Ideally you’d want to spend three or four days in the Cinque Terre to do it justice. That’d give you enough time to explore each of the villages, do a couple of half-day walks and take a boat trip along the coast. The villages have a different atmosphere at different times of day, so that’d give you time to decide on your favourite so you can go back for sunset or dinner. And if you’ve get more time, there are plenty more walks to do, or you could travel further afield and visit neighbouring Portovenere, Levanto or La Spezia.
When’s the best time to visit?
I don’t think the Cinque Terre is ever exactly quiet – high season runs all the way from Easter until October. But to avoid the worst of the crowds, steer clear of July and August. Accommodation gets booked up really far in advance in summer and it can get really hot so isn’t the best time for walking. Shoulder season – May/early June and September – is a good time to go, with warm days and less people. Or if you want to risk the off-season you can get a bargain and the paths to yourself, but it can be wet, especially around November. And if the weather’s bad you risk the boats being suspended and the trails closed.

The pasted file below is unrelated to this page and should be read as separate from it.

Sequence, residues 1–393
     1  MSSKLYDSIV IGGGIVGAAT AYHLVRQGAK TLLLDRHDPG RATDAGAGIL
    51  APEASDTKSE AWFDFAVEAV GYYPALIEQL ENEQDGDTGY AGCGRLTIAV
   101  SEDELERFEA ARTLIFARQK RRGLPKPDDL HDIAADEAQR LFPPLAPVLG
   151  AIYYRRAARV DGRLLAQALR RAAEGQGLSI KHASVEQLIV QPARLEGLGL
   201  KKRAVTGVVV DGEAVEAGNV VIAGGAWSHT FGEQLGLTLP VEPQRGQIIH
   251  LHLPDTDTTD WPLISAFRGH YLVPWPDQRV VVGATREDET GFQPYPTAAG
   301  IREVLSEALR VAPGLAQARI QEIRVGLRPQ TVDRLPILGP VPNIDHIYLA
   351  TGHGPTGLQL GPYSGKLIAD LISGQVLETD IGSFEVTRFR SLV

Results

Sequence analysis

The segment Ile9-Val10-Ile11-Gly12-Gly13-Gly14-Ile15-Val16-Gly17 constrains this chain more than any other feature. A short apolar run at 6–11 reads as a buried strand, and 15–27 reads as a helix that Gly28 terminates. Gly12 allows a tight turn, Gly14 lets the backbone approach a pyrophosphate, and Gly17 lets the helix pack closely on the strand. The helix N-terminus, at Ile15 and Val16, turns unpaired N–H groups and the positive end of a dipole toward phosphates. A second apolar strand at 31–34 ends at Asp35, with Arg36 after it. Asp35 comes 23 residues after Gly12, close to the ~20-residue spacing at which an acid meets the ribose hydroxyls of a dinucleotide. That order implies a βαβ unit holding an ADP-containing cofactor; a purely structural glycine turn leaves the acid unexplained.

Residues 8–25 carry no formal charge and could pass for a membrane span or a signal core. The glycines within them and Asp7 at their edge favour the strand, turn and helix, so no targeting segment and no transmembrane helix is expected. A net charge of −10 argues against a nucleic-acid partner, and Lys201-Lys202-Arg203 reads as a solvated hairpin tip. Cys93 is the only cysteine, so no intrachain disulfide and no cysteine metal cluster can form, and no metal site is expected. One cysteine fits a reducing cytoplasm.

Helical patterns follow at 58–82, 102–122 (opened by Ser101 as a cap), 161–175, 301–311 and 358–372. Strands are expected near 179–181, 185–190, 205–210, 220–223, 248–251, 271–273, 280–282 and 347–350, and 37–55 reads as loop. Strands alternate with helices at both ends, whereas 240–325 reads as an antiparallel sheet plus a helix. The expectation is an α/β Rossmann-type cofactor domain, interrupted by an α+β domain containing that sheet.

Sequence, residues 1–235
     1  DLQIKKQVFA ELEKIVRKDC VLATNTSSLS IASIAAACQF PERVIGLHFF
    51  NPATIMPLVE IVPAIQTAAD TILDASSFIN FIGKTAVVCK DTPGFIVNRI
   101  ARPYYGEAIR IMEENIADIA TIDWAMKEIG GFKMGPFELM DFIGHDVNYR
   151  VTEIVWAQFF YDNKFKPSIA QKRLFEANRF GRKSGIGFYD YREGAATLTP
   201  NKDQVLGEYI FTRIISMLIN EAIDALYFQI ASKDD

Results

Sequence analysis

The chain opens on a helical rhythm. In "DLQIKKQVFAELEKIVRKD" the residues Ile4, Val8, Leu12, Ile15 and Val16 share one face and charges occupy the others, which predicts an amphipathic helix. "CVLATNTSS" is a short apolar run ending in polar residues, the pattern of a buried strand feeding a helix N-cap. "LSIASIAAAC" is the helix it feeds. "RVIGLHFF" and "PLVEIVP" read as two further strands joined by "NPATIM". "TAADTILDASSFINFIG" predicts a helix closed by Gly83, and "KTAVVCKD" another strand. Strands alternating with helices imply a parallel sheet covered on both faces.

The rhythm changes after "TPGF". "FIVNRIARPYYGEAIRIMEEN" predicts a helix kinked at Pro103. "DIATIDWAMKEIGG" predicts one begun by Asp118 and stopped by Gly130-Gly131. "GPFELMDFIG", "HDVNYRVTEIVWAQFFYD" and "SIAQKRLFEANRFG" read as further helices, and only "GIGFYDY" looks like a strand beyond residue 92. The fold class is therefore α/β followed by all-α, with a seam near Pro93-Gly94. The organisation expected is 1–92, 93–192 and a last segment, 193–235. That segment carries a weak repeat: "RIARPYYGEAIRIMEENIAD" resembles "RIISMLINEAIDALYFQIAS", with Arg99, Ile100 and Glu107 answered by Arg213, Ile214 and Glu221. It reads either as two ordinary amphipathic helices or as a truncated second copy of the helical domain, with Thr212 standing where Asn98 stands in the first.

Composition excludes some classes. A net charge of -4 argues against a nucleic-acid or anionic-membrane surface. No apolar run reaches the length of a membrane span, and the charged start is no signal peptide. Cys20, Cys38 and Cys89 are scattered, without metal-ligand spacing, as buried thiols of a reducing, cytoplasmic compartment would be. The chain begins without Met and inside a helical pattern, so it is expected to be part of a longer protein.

Where should I stay?
Staying in one of the five villages means you don’t have to travel in each day and can soak up the atmosphere in the evenings. But because it’s so popular, accommodation is pricey – even for pretty uninspiring places – so try to book early. There aren’t many hotels, only in the larger villages Monterosso and Riomaggiore, so it’s mostly guesthouses and apartment rentals. The villages are so close together that there isn’t one that’s in a better position than the others. And it’s not really worth moving around and staying in a couple of different villages as you can get between them so easily. It’s more a case of picking the one which has the right sort of character for you (and where you can find somewhere decent that’s within your budget!).